2c. Or in XP and earlier Windows you can set up shortcuts to the command prompt on your desktop, or in some other convenient place:
2c1. To do this, copy the shortcut to the "Command Prompt" or "MS-DOS Prompt" icon from the Start menu Accessories Folder to your desktop. If one of these icons is not in the Start menu, try the Accessories submenu. To copy the shortcut, highlight the command name on the menu then right click and select Copy. Then click on an empty spot on the desktop. Then right click and select Paste. If it isn't there, you can create a shortcut to c:\windows\system32\cmd.exe (Windows XP) using Windows Explorer. Navigate to the proper folder for your operating system and highlight the appropriate .exe file, right click, and select "Create Shortcut." This creates a shortcut called something like "Shortcut to cmd.exe" within that same folder. Then drag that shortcut file (renamed if you like) to your desktop.
2c2. Once you have a Command Prompt shortcut on your desktop, highlight the command promt icon, right click, and select Properties. Change the properties of the icon so that the "start in" (Windows XP) folder is folder with your data files, (e.g. "c:\Documents and Settings\Your User Name\My Documents\Site Data\Ceramics" for Windows XP or "C:\Users\Your User Name\My Documents\Site Data\Ceramics"for Windows 7), then say OK and save your changes. You can have multiple shortcuts on your desktop pointing to different analysis folders, just make several copies of the Command Prompt shortcut icon and rename them to reflect the folders to which they point (e.g. "Ceramic Analysis").
2c3. Start a Command Prompt window by double-clicking on the appropriate "MS-DOS Prompt" or "Command Prompt" icon now on your desktop.
3. If you permanently modified the Path environment variable in step 1,then you run a program simply by typing its name, (e.g., kmeans) and then pressing enter. In this mode you can run any number of analyses from a single window. You can go back and forth between other Windows programs (such as Notepad and the Command windows, either using the tab buttons across the bottom of your screen or by holding down Alt and pressing Tab. If you did not permanent modify the path in Step 1, type TFQAPath to get access to the programs (you need to do this each time you open a command promptwindow, but only once per window (not each time you run a program within the window). Then, you can type the program name, press Enter, and it will start.
4. To exit the Command window type EXIT then press Enter at the > prompt. If that doesn't work just click on the X at the top right of the window and reply OK to the warning message.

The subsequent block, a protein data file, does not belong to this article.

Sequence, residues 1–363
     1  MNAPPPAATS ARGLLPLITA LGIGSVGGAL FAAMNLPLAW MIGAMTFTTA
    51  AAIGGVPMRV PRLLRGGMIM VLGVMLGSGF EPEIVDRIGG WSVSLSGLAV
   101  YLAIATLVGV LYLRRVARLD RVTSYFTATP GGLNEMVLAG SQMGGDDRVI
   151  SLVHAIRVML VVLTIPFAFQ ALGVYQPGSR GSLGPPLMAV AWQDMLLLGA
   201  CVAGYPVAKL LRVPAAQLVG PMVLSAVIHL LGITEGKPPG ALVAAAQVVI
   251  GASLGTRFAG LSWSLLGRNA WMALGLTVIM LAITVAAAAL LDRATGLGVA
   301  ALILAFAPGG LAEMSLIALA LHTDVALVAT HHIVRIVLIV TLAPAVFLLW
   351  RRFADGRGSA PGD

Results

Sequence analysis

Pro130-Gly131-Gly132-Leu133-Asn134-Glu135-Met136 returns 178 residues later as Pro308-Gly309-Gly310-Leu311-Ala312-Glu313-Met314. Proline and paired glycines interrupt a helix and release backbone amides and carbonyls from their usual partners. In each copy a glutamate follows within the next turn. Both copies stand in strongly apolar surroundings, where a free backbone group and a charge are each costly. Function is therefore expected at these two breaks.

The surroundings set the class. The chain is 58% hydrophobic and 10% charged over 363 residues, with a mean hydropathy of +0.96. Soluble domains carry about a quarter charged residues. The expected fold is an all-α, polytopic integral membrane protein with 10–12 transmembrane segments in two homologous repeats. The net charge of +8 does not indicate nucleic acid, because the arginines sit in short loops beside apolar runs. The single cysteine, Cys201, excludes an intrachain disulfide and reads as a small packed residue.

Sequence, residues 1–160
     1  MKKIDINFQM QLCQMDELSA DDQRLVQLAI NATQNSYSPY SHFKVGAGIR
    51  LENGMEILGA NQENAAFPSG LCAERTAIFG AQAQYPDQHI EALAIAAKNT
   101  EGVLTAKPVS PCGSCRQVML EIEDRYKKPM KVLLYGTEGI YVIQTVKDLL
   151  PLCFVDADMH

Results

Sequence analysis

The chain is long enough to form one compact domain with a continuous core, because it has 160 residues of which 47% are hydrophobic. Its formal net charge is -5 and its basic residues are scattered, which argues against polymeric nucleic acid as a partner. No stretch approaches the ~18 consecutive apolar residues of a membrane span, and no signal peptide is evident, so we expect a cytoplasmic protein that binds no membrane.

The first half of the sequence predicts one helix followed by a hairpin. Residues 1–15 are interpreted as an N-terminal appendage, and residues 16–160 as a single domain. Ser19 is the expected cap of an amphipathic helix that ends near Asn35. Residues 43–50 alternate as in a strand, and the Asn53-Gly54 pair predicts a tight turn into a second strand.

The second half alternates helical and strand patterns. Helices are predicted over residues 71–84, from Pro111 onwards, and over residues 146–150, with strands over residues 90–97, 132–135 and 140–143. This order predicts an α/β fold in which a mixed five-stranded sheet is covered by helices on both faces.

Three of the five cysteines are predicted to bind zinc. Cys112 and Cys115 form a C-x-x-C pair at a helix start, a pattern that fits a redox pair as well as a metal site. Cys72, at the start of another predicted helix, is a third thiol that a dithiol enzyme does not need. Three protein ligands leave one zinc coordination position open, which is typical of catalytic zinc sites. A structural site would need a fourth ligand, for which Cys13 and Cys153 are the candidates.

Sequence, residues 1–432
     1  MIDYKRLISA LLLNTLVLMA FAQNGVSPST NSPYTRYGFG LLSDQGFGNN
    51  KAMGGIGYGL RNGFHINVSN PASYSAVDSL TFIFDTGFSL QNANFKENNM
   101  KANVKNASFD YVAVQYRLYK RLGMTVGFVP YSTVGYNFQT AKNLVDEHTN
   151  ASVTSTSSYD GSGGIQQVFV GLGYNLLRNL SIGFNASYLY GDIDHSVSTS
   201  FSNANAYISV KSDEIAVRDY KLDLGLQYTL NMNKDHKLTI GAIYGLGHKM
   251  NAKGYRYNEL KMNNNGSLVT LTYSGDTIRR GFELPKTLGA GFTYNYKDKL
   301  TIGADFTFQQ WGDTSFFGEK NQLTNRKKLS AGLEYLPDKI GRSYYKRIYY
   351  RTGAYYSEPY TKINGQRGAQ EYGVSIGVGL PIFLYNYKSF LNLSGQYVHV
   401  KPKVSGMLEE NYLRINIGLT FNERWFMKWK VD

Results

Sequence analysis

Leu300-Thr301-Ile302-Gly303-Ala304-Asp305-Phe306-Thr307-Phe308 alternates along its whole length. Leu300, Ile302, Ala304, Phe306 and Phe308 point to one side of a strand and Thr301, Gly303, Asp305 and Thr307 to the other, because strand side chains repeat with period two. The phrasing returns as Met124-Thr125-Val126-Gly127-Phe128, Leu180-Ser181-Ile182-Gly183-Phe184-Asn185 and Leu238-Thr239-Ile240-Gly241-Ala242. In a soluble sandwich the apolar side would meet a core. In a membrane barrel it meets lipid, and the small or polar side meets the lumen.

If you are working on a networked system and don't have write access to the folder (directory) with the data files, you will find it easiest to copy the program and data files to a folder to which you have both read and write access and then follow the above instructions.
With the exception of the programs that directly produce graphics (see Running TFQA Graphics Programs in Windows), the programs are all Windows Console Mode programs that accept long Windows file names.
However, the DOS programs that produce graphics (DIVPLT, FORD, KMPLT, LDPLT, BAYES, SCAT, STP, COYOTE; those for which the .EXE file names are ALL CAPS in the TFQA directory), do not deal with ordinary Windows file names. File names used by these DOS programs are restricted, at most, 8 character file names (with no embedded spaces or special characters allowed except "_") followed, optionally, by a period and a 3 character extension (e.g., MY_DTA1.ADF). If you have files you want these graphics programs to read that don't meet these DOS conventions, you must rename them so that they do. Because the program interface always prompts for file names that you have to type (rather than selecting them from a menu) and because several key programs (divers, kmeans, and lden) interact with plotting program counterparts (notably DIVPLT, KMPLT, and LDPLT), you will want to stick with relatively short file names with 3 character extensions. Better yet, just use the DOS conventions of up 8 character file names(with no embedded blanks or special characters except underscore), followed by a 3 character extension.
Halting Program Execution in Windows
To stop a program running in a Command Prompt window hold down the <Ctrl> key and press <Break>. <Break> is the same key as <Pause> and is usually on the top row of the keyboard to the right of the function keys.
Printing from TFQA
Many TFQA programs provide both screen and "printed" output. Usually, you will want to send the "printed" output from the programs to a file. By default the output file extension for most programs is is .LST but for Windows an extension of .TXT works best. Then you can look at it using a text editor (like Windows Notepad or one of the substitutes, such as Notepad+ or Editpad Lite (both freeware) before you print it so that you can delete the pieces of output you don't want printed and then print the result from within the Windows application. You can also bring the output into a word processor such as Word or Word Perfect. However, in most word processors the default font is proportional. You will want to Edit>Select All and change the font for this document to a fixed font such as Courier.
Page Last Updated: 1 April 2020